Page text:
In order to address whether or not resilience can be coached, we need to take a step back and look at the fundamental principles of resilience: 1) the definition of resilience (see above), 2) resilience as it stands in objective literature, and 3) resilience as it subjective observation.
When looking at the definition of resilience referenced by Gonzalez et al. (2016), several key words can be extracted for further interpretation. The first is the word cognitive and how it relates to obstacles. The word cognitive emphasizes the mental approach to an, potentially multi-faceted, obstacle. In other words, a cognitive obstacle is not something that is readily foreseen, nor is it something that can be moved by physical force. A cognitive obstacle is one that must be experienced and subsequently adapted to through means of different mental strategies and/or psychological skills [e.g., visualization, deep breathing, goal setting] (Fitzwater, Arthur, & Hardy, 2017). This is not to say you cannot plan for cognitive obstacles drawing from past experiences, but it is to say that not all cognitive obstacles can be predicted.
“If you fail to plan, you are planning to fail.” – Benjamin Franklin
This quote is applicable to cognitive obstacle idea, and sets us up for the next key word connected to resilience: outcome(s).
It is not uncommon for athletes to spend hours at the gym counting reps and forgetting the two most basic principles of training: purpose and outcome(s). Purpose and outcomes are fundamental concepts of sport performance. Without purpose, why participate? Without an outcome, what are you striving for? Granted, outcomes are not always black and white, but a purpose should be fairly clear and concise on either a personal and/or team level.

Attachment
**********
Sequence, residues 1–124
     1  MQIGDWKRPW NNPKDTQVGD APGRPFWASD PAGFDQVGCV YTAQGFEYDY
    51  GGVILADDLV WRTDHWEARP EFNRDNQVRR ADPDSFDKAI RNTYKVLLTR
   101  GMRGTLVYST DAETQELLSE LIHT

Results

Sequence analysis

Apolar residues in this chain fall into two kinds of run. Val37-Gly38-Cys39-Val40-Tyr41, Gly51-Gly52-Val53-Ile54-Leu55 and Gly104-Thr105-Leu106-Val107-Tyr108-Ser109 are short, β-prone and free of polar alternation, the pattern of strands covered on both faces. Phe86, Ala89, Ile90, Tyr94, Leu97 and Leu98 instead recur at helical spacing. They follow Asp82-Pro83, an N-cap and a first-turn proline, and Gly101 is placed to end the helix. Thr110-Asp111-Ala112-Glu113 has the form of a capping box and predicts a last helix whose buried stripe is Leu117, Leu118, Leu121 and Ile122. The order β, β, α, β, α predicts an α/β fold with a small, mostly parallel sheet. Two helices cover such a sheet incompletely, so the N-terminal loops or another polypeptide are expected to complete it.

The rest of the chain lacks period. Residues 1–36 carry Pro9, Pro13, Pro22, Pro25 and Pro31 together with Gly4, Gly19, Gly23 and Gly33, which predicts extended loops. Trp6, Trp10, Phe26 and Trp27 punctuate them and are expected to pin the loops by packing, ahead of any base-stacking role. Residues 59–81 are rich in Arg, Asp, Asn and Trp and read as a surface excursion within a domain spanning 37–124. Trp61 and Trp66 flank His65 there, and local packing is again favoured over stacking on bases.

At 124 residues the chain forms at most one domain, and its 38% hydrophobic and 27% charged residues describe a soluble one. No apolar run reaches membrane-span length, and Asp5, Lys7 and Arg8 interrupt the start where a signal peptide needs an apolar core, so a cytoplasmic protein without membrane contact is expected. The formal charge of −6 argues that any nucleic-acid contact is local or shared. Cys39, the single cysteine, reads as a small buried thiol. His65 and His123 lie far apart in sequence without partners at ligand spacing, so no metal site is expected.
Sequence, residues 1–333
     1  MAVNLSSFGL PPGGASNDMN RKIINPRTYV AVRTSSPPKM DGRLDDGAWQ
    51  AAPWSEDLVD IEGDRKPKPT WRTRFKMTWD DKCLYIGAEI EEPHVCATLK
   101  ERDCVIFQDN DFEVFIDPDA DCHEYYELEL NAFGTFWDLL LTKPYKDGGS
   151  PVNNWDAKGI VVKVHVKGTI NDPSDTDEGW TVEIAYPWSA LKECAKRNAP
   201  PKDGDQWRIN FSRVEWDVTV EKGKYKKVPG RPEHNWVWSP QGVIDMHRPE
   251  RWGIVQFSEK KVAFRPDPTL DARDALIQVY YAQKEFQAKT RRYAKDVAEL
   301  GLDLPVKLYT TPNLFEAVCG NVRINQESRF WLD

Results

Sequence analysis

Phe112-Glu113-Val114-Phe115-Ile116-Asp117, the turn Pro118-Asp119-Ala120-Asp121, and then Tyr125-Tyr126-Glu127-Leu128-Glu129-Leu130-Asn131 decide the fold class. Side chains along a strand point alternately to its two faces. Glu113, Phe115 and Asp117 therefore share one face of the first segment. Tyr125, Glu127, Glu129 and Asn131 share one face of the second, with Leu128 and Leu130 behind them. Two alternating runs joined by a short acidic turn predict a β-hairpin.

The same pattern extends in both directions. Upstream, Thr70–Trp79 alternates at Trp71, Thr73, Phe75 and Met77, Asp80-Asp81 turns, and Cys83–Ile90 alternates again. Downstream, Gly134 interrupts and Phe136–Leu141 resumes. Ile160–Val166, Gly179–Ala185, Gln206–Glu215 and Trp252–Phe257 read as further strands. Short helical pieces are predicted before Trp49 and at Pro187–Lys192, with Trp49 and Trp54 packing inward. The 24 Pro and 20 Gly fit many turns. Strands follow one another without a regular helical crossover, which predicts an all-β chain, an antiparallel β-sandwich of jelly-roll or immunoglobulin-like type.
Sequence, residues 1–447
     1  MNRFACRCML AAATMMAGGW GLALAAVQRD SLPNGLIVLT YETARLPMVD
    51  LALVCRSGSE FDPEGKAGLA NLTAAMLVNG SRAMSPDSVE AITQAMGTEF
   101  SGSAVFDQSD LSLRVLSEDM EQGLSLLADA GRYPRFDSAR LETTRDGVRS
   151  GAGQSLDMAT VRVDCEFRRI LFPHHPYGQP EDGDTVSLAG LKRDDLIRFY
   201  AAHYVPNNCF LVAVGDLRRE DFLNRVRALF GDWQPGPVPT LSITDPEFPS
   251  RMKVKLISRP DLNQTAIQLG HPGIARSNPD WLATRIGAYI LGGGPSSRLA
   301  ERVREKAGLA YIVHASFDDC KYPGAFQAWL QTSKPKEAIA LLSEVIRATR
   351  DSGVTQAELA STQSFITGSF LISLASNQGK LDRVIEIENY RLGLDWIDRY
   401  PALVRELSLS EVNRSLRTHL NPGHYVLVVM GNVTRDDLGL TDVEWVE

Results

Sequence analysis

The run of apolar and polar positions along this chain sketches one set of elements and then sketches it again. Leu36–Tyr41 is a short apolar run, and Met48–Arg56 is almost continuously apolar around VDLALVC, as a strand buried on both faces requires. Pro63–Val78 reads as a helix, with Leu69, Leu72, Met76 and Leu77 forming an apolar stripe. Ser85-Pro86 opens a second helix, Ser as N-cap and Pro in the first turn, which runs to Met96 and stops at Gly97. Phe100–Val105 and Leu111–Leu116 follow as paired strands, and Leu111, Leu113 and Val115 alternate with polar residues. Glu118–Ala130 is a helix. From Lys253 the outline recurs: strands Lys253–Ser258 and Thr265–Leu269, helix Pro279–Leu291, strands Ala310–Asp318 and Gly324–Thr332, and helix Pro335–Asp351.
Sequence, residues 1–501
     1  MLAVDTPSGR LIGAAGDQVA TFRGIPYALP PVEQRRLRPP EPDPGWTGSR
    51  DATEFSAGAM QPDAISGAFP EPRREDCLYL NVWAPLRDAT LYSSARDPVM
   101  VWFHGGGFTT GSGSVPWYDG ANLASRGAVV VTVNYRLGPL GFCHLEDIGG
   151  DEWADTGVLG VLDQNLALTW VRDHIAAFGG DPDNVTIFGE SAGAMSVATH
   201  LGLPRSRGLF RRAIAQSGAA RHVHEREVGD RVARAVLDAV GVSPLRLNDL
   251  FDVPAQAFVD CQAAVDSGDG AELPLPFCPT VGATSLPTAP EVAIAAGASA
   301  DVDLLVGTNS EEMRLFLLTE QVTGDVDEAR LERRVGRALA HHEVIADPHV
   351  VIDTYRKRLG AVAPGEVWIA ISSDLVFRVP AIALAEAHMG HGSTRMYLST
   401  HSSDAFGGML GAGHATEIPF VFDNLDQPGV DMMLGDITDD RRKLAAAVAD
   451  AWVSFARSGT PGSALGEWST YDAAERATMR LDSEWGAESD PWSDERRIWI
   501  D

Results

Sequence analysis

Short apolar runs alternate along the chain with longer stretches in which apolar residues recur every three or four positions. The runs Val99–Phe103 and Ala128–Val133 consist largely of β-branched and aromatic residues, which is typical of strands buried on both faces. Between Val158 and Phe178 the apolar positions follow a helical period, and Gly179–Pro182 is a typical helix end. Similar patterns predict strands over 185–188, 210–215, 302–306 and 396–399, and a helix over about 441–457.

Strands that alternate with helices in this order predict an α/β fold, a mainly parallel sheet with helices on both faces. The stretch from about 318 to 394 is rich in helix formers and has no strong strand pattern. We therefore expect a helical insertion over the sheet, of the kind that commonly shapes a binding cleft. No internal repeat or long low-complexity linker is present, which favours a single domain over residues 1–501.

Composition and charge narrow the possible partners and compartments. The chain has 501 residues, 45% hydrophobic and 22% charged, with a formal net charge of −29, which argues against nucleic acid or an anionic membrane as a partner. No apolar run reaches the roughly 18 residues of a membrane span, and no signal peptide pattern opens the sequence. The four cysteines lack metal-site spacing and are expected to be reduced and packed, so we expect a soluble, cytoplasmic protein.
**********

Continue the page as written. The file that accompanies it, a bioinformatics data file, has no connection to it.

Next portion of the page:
With the fundamental principles of purpose and outcome(s) in mind, it is just as important for athletes to plan for failure as it is for them to plan for success. Some common approaches seen throughout the literature are the concepts of goal setting, deep breathing, and visualization (Adler et al., 2015). These are all equally important, but most are approached in a positive light (success) and not a negative light (failure). Coaches may want to embrace these mental training approaches from both perspectives in order to prepare their athletes for what may be an unexpected outcome.
The third, and final, key word in the definition of resilience is composure. Composure, while listed in the second position in the definition of resilience, is a key component for any athlete and/or coach. One’s ability to maintain composure in the face of uncertainty may make the difference between success and failure; life or death. As there is not a readily available and common definition of composure from a research perspective, we will think of composure as one’s ability to maintain a level head in the face of uncertain or trying circumstances.
In my experience as a researcher, composure is, more often than not, a subjective measure based on observation. However, it is not something that cannot be quantifiable. Self Determination Theory (SDT) is a great starting point for coaches that wish to seek out the impact of components related to composure. Empirically supported, SDT emphasizes three major sticking points: relatedness to the task, comprehension of the subject matter, and the autonomous means of approaching a task. One’s ability to maintain a level head in the face of adversity may rely on these factors. While not directly correlated with composure, SDT does show promise on the overall impact of performance (Mellinger, Cheek, Sibley, & Bergman, 2014) and should be considered moving forward with a basic mental performance plan.